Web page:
Creating wealth and managing wealth are two very different skills. Wealth creation is usually accomplished through hard work and risk-taking. But the very skills that give rise to wealth creation are often counter-productive to wealth management. First generation affluent wealth creators often learn this lesson the hard way – through some type of financial loss.
But children of affluent parents don’t have to experience loss to benefit from all of the lessons that their parents learned the hard way. That wisdom exists, in an uncontestable form, with your parents’ financial advisor. Your parents’ success is proof that the right relationship, with the right advisory team, produces the right results.
You benefit greatly from continuity
Continuity is very important to Whitnell. It’s mentioned right in our tagline. But we often discover that children of affluent parents really don’t understand the value of continuity. So I’d like to put this in really simple and concrete terms that I think will make a lot of sense to you.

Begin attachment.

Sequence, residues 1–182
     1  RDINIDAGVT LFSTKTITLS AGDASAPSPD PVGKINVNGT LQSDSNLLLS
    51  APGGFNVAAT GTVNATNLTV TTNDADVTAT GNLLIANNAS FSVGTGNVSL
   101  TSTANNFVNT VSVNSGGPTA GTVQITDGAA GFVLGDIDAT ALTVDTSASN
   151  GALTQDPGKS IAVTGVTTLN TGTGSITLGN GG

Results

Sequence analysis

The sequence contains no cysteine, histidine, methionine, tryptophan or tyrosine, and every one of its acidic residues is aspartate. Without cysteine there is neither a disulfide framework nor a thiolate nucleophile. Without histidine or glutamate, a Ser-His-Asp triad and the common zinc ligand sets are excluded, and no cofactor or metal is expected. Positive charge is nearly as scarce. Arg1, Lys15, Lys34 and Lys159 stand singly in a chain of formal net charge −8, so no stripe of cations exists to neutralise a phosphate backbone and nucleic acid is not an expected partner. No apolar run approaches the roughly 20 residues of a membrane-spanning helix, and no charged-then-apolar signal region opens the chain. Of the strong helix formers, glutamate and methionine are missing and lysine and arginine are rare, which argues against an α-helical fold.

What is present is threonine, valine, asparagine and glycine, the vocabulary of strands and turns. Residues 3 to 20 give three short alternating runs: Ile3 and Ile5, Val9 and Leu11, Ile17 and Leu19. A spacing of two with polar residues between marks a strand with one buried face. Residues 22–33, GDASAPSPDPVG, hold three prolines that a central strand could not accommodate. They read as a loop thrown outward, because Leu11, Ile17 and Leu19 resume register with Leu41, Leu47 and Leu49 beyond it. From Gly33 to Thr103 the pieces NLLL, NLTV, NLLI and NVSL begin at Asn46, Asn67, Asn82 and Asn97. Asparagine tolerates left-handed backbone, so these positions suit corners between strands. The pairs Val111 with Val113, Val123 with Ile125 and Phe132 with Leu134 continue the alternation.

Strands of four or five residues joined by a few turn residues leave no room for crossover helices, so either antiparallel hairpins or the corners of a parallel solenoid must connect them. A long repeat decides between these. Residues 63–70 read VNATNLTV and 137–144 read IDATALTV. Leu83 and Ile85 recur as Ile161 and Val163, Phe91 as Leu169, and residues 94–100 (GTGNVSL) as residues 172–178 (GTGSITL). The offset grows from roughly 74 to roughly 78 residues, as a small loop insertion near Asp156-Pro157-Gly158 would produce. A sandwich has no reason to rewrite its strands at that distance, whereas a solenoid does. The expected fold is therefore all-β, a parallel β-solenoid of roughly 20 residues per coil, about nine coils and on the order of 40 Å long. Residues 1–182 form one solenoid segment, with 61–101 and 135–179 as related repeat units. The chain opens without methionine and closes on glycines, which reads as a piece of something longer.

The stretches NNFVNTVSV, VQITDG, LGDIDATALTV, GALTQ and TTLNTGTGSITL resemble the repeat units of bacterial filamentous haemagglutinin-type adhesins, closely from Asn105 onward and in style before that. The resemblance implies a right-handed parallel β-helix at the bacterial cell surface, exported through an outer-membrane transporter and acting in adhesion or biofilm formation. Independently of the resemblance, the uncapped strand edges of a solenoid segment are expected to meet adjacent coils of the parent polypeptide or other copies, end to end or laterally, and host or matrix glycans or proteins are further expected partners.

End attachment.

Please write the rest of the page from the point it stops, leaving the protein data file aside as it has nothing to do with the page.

I want you to think for a moment about all of the documents that relate to your parent’s financial situation. Picture them in your mind right now. Here is a short list to help you get started:
- Bank statements.
- Investment account statements.
- Trust documents or wills.
- Insurance policies: property, life, casualty.
- Legal documents.
Do you know where all of these exist? Could you find them if you needed to within a matter of minutes? Could you find them in hours? Could you find them in days? How long would it take? Given your busy schedule and life today, do you have the time to do this?